Shades of Rosacea II: Some Further Eighteenth Century Examples

With Laetare Sunday just past us, I wanted to take the opportunity to share just a few more 18th century examples of rose vestments that I haven't shared previously along with some very brief comments. (For further considerations around this subject, see our original Shades of Rosacea post from December 2017.) 

However, before getting to the new examples, it seems to me that it would be a shame to not show  this one particular rose vestment that we have shown before, this time within its proper Lenten context:


That indulgence aside, here are some further examples for your consideration and enjoyment.

The use here of a central white panel that has rose tones within it works very nicely with the rose panels on each side. The trims also nicely harmonize with the brocaded pattern creating a subtle and unified whole. Often utilizing different textiles like this can easily come across as 'busy' but they have pulled it off quite nicely here.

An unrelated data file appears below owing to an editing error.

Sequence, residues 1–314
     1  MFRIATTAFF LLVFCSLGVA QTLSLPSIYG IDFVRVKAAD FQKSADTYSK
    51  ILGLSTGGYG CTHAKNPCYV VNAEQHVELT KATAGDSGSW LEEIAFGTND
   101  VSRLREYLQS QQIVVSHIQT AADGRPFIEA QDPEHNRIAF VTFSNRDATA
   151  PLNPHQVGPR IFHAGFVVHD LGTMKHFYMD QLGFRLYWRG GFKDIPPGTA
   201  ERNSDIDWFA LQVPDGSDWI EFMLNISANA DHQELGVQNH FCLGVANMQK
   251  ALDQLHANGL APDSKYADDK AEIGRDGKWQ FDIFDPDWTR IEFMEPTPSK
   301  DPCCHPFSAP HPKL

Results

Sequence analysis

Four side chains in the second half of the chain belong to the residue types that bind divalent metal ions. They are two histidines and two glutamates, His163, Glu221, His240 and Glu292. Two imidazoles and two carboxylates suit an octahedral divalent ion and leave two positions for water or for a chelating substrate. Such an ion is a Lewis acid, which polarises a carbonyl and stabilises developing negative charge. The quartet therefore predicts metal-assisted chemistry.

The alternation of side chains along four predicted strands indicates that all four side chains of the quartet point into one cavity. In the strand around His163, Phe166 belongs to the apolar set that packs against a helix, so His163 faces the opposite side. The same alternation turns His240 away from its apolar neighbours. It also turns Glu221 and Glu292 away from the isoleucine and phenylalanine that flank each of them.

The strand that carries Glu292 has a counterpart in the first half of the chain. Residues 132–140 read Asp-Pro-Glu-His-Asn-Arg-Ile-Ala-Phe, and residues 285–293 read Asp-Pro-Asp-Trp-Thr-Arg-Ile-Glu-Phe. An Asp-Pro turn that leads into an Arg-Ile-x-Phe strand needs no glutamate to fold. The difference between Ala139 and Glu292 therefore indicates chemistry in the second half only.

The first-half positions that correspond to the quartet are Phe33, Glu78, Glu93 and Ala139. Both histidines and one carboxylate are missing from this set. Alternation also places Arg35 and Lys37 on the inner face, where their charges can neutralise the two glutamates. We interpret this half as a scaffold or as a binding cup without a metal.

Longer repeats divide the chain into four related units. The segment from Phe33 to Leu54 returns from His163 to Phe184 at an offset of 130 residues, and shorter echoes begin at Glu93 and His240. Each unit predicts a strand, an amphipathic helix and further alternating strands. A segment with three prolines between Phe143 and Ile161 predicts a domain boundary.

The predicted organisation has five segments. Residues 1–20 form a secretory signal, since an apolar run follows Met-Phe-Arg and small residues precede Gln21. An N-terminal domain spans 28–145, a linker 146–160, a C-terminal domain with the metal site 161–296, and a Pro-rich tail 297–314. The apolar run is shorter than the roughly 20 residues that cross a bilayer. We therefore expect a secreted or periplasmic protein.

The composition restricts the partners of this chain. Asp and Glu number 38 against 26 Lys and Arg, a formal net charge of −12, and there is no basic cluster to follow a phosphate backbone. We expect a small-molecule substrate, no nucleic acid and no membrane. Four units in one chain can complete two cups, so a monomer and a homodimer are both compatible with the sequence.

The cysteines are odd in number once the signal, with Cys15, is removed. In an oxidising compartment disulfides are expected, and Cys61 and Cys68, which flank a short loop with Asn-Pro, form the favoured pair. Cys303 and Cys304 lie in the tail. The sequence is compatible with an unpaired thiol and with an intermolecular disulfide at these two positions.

Of particular appeal here is both the rose brocade with its subtle hues and the wider gold trims. These balance nicely with the weight and colour of the brocade itself.

Blues and silvers often compliment very nicely with rose vestments as can be seen here.
This is a particularly rich shade of rose, a salmon variant of rose. The pale, white gold tones mesh nicely with it and the greens in the brocade. Unfortunately this particular vestment isn't done justice by the presentation.
Regretfully this image is in low resolution, but it is worth showing regardless because of its incredible beauty. This shows a particularly fine example of the use of gold with rose. This combination tends to work best when the rose shade is particularly delicate as seen here.
The rich silver embroideries are the star of the show in this instance.


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